Usually the Marines of the Royal Netherlands Marine Corps (RNLMC) use the hot and sticky primary jungles of Brunei, Belize, Guyana and Ghana as tropical training grounds as part of their ‘Extreme Weather and Terrain Training’. From early 2006 on the South American country Surinam – located between Guyana and French Guiana – can be added to that list. At that time the Netherlands and the government of Surinam reached an agreement on future jungle training. The Surinam jungle (with among others huge trees and thick canopy) is namely ideal for Jungle Warfare training purposes. In return, the Netherlands will provide Surinam with defence materiel such as trucks.

Jungle Warfare Course: And although the majority of the ‘Jungle Warfare Course’ (JWC) trainees are Marines from the RNLMC, a small number of Army Commandos (green berets) and Air-Assault soldiers (red berets), go through the same course each year.

Why do Dutch Marines and soldiers from these specific Dutch Army units, need to fight in the jungle? Well they are the Netherlands ‘go anywhere forces’ and a key component of the government’s Rapid Expeditionary Reaction Force. As such, they are required to be trained to work in different terrains and environments that can be as hostile as the enemy, ranging from the cold, mountainous conditions in Northern Europe, to the hot arid regions of the Middle East and Africa and to the dense tropical jungles of the Far East.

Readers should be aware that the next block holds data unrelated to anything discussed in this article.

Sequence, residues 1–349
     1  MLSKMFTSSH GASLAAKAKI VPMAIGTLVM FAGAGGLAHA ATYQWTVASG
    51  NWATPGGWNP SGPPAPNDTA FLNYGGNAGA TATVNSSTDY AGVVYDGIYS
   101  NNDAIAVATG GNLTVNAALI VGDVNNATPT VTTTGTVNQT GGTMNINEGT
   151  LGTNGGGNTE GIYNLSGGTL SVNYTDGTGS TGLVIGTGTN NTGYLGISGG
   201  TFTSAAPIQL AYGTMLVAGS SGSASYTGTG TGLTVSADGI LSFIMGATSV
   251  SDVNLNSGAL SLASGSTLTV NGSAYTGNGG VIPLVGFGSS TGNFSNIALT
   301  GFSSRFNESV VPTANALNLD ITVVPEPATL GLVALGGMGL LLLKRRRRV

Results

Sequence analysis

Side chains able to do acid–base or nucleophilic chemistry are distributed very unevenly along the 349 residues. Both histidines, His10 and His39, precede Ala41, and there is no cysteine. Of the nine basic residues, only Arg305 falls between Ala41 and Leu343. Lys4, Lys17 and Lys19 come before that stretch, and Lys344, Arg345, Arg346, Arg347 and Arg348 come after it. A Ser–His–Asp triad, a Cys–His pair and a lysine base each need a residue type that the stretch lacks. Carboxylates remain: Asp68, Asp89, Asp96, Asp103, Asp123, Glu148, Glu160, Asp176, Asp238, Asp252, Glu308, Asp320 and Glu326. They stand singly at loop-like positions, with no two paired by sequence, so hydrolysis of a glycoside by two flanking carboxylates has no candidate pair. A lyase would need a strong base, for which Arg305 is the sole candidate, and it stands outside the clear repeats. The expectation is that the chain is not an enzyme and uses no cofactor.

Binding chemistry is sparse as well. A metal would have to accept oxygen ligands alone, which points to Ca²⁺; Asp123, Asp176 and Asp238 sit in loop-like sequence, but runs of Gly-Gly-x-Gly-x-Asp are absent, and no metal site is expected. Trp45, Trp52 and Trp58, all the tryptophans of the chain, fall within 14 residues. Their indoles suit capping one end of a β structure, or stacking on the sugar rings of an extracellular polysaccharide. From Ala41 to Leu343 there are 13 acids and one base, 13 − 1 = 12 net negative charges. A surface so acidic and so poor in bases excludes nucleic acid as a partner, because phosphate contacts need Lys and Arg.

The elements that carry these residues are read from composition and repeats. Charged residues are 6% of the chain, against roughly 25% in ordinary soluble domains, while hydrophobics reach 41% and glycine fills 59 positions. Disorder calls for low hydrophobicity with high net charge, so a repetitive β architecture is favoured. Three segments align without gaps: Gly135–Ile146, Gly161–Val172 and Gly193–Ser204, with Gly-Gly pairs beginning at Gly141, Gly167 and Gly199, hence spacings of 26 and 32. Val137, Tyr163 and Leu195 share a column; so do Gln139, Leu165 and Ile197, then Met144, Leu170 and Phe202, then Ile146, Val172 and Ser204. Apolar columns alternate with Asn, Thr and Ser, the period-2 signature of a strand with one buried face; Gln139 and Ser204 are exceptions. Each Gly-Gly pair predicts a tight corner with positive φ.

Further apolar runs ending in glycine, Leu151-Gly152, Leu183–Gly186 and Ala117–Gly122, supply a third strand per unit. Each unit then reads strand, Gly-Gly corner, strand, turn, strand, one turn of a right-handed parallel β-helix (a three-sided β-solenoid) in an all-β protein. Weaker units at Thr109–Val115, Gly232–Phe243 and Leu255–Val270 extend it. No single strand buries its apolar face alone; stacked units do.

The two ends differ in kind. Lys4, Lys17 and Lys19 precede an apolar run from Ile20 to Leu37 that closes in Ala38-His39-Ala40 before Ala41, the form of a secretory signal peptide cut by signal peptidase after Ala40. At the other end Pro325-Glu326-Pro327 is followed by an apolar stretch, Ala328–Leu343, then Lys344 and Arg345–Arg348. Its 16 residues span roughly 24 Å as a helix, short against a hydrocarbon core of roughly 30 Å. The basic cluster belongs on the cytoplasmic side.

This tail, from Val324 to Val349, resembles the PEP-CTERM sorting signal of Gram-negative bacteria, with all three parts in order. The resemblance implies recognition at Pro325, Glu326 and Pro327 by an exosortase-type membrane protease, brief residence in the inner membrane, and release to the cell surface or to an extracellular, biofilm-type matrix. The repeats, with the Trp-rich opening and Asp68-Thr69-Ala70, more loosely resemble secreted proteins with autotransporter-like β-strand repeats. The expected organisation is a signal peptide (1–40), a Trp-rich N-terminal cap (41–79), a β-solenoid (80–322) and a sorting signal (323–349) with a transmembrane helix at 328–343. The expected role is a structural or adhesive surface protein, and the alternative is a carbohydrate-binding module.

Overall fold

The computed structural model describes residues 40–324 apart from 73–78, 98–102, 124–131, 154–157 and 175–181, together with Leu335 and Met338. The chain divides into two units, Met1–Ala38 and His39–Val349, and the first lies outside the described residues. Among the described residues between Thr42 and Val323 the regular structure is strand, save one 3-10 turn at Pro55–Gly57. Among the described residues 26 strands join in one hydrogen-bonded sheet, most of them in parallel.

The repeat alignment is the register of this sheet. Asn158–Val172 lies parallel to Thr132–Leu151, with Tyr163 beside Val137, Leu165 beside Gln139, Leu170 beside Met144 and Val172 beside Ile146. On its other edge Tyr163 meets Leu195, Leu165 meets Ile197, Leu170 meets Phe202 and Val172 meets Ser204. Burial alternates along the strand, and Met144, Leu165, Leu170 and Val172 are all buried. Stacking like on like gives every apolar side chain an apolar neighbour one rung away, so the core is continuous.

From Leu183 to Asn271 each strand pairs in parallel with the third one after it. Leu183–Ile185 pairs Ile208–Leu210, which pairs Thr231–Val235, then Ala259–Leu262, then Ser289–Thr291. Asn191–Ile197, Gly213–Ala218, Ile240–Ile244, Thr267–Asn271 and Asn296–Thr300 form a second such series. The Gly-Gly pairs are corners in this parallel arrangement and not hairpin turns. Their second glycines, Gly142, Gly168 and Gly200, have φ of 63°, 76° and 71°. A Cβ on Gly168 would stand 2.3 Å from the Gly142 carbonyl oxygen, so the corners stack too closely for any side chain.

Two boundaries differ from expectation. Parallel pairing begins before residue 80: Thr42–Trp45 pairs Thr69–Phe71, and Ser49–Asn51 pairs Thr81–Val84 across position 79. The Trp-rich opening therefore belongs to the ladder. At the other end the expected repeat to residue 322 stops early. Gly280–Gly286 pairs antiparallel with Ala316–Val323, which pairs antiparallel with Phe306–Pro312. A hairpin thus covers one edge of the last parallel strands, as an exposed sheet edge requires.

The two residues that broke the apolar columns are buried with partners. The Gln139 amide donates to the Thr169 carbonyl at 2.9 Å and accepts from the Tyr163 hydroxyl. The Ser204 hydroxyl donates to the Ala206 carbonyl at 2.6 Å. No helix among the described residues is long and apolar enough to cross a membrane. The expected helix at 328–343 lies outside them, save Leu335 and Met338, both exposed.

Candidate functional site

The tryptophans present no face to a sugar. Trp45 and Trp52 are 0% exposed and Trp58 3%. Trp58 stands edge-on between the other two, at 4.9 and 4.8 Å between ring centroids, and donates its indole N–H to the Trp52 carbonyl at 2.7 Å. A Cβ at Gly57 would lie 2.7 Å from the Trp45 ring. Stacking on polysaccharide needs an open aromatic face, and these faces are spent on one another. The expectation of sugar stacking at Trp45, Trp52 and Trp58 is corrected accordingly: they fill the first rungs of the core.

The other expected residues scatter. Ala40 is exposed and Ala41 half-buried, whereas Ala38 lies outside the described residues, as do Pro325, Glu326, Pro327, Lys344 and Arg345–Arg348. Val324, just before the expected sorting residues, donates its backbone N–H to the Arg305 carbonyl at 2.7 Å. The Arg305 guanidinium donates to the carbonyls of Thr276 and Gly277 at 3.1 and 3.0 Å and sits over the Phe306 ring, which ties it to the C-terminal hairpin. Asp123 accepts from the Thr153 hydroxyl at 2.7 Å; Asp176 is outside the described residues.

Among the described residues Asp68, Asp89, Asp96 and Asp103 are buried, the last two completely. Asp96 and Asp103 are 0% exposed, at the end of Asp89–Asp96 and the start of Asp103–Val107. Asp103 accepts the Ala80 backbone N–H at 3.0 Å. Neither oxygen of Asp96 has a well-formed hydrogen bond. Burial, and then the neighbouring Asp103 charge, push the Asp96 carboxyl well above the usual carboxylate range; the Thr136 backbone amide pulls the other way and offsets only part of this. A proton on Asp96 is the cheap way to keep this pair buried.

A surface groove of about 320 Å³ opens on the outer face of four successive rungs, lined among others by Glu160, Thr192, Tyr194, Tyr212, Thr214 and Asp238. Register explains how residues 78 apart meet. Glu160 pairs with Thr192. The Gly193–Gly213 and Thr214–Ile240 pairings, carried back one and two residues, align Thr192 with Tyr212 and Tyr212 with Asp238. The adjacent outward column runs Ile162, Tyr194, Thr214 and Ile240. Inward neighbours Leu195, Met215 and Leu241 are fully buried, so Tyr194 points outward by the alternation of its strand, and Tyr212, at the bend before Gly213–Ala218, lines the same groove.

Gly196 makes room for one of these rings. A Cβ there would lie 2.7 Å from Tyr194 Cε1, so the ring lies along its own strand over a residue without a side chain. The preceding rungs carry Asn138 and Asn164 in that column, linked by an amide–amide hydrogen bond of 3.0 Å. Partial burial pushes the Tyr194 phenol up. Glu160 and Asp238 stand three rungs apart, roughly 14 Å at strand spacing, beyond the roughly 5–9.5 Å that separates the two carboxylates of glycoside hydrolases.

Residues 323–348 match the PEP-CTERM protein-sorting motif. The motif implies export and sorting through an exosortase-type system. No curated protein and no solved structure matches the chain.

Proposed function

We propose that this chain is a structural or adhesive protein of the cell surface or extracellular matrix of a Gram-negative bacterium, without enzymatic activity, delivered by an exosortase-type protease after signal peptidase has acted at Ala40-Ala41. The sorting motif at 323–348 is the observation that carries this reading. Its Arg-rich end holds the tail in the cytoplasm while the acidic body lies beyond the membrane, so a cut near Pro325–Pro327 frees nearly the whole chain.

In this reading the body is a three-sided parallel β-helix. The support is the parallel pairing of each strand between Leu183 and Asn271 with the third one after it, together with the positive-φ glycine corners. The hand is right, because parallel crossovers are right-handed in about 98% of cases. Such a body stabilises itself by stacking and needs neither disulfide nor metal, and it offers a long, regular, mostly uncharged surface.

Challenging: This Dutch-Surinam cooperation is evidence of the good military relations between the two nations. Following this agreement approximately 60 Dutch Marines, all from 31 Infantry-company, based at Navy-base Parera on the Island of Curaçao (Dutch Antilles), found themselves from 12 March onwards for twenty-eight days in Surinam. There they complete an arduous ‘Jungle Warfare Course’ (JWC) using the techniques of the indigenous peoples of the Amazon rainforest of Suriname. This JWC includes tactics such as basic survival, health and hygiene, navigation, patrolling, clearing villages, looking for booby traps, and how to get within a couple of meters of the enemy without being seen. The jungle is an extremely challenging environment to survive in let alone fight in, so it is critical that training is thorough and realistic.

Suck it up: For Marine first class Maarten Bruinenberg it is his first time ever in the jungle. “Trudging forward with wet, aching feet, slippery mud threatens to pull you down at every step,” says Bruinenberg. “Vegetation reaches out, and bearded thorns grabs your arms and legs, no matter how careful you are. And the bees, mosquitoes, big angry ants and bugs. Oh, man the bugs, they bite and bite and bite. Don’t even mention the snakes. But the worst thing of all, there’s nothing you can do about it except suck it up, and keep putting one foot in front of another.”

To most people this will sounds like hell on earth, but for the handful of Jungle Warfare Instructors (JWIs) both from the Surinam National Army and the RNLMC at the central base camp named ‘Patrol Harbour’ in the Saramacca district of Surinam, this is home, and they love every minute of it. “It is tough living out here, really isolated, but I get to do things I would not get to do elsewhere,” said chief JWI Marine sergeant-major Bart Cobussen. “This huge rugged jungle terrain, consisting of unique and demanding dense single-canopy vegetation and often harsh tropical weather, will prepare Dutch Marines and soldiers for combat missions and operations around the world. Outside Camp ‘Patrol Harbour’ few creature comforts, it is like returning to the Stone Age. No traffic, no cell phones, not even an alarm clock.